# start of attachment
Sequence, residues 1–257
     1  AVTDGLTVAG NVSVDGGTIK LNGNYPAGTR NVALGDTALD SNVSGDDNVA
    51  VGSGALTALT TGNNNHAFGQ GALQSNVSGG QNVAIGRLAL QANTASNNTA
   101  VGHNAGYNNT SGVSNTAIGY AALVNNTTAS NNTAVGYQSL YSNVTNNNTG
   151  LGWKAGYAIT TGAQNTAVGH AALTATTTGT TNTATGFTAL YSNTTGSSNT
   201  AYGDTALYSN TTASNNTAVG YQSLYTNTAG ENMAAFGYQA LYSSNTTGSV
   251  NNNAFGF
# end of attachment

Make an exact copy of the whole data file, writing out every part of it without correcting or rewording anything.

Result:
Sequence, residues 1–257
     1  AVTDGLTVAG NVSVDGGTIK LNGNYPAGTR NVALGDTALD SNVSGDDNVA
    51  VGSGALTALT TGNNNHAFGQ GALQSNVSGG QNVAIGRLAL QANTASNNTA
   101  VGHNAGYNNT SGVSNTAIGY AALVNNTTAS NNTAVGYQSL YSNVTNNNTG
   151  LGWKAGYAIT TGAQNTAVGH AALTATTTGT TNTATGFTAL YSNTTGSSNT
   201  AYGDTALYSN TTASNNTAVG YQSLYTNTAG ENMAAFGYQA LYSSNTTGSV
   251  NNNAFGF